Wednesday, December 17, 2003

Lieberman Swinging Hard: Has Joe has finally found his voice in this campaign? He's certainly pushing himself as the sensible alternative to Dr. Hothead:
In his sharpest criticism yet of Dean, Lieberman said Tuesday that the former Vermont governor's comment that "the capture of Saddam has not made America safer" raises the specter of a Democratic Party weak on national security.

"He thinks we're not safer by removing a homicidal maniac," Lieberman said in a speech. "The fact is that Governor Dean has made a series of dubious judgments and irresponsible statements in this campaign that together signal that he would take us back to the days when we Democrats were not trusted to defend our security."

Even if true, Dean's statement that nabbing Saddam doesn't make us any safer was a big gamble, if only because most Americans would disagree, and Lieberman has some room to run with this criticism. And I think Lieberman stands to gain something else here: Dean has snagged an undeserved reputation for intellectual consistency, based simply on some fairly rash statements about the war, statements that he has refused to modify. Lieberman actually has the stronger claim to consistency, having been for the war since before George Bush was.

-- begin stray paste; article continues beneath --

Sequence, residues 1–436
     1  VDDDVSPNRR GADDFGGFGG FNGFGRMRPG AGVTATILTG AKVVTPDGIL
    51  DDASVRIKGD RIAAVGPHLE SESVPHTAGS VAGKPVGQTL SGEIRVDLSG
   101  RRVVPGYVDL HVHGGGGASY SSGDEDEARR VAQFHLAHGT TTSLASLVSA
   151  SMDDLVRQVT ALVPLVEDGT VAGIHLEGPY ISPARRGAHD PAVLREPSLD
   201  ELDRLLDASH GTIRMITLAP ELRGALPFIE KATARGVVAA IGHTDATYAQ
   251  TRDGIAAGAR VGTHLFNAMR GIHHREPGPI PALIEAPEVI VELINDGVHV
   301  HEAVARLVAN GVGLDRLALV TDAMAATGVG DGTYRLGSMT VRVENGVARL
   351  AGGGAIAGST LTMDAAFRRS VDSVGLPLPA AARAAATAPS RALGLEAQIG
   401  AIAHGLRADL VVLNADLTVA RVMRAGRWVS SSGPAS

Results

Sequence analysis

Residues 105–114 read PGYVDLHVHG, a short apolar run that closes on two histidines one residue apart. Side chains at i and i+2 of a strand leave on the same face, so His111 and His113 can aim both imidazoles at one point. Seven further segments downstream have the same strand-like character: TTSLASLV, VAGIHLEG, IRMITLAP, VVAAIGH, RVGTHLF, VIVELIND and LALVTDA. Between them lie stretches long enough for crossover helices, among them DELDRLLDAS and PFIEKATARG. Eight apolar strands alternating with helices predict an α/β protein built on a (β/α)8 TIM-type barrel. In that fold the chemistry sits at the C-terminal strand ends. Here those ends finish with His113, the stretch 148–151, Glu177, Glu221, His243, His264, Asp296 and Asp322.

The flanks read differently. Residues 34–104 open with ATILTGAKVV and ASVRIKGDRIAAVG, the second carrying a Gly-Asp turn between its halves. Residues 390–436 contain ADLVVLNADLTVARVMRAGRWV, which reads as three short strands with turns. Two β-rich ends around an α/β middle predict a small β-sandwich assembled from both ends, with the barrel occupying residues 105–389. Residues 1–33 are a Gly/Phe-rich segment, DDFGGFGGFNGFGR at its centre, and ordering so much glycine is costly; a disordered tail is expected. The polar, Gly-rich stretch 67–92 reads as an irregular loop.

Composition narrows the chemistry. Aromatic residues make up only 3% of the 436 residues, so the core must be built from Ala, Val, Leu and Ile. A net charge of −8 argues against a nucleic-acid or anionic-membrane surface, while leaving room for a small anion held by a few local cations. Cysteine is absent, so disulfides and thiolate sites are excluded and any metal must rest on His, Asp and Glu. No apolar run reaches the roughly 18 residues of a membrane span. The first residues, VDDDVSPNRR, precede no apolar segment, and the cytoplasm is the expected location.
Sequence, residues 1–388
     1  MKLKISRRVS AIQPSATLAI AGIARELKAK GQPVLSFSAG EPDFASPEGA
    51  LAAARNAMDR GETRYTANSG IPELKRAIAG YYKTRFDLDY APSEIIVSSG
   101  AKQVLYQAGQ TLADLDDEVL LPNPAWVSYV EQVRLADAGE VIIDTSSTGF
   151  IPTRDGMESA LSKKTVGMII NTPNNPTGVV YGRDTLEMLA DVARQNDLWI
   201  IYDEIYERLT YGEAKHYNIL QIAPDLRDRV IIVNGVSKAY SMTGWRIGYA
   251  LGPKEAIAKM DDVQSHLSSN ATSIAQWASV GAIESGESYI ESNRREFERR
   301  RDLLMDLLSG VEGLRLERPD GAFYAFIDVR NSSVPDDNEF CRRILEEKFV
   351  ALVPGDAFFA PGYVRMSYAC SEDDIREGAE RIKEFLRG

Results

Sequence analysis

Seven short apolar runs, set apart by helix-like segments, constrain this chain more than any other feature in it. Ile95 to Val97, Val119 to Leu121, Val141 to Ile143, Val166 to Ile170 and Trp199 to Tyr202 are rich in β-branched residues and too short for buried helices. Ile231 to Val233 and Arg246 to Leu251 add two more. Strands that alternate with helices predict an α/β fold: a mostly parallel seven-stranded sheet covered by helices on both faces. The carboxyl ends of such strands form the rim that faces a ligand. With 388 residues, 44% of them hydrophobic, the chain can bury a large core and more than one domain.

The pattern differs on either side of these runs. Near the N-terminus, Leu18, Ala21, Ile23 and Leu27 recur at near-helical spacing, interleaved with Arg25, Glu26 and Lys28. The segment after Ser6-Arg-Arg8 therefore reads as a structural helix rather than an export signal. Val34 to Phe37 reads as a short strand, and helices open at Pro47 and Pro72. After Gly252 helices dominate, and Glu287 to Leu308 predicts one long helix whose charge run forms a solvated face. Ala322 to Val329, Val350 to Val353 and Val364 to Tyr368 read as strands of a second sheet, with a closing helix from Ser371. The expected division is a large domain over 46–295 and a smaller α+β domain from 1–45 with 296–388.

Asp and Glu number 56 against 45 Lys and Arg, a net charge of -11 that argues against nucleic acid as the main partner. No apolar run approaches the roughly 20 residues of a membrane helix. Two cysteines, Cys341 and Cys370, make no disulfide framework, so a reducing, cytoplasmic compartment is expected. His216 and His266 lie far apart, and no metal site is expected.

Meanwhile, basic media physics go to work on Howard Dean now. Having moved from underdog to frontrunner status, we have to respect the theorem that the media loves to tear down a frontrunner as much as it loves to pump up an underdog. Politics is an expectations game, and no candidate wants the frontrunner crown well before a primary vote has been cast. An underdog Howard Dean could have finished a strong third in New Hampshire and still have been a contender. But now, he's a loser if he comes in anywhere but first. Lieberman, on the other hand, has nowhere to go but up. (Okay, he could fall into a dead heat with Dennis Kucinich, but I doubt that will happen.) In addition, though pre-primary polls in New Hampshire show him in Kerry territory (and a statistical non-entity in Iowa), he polls rather well nationally among generic Democrats and likely Democratic voters.

Can Joe make the run at Dean? I wouldn't care to bet on it. But look at it this way: Most of America was cheering this weekend to see Saddam in custody. Naturally. Now, how many of the Democratic candidates can wholeheartedly celebrate good news out of Iraq (like the capture of Saddam) without having to consult with the strategists? Just Lieberman. That's a nice place to be right about now.

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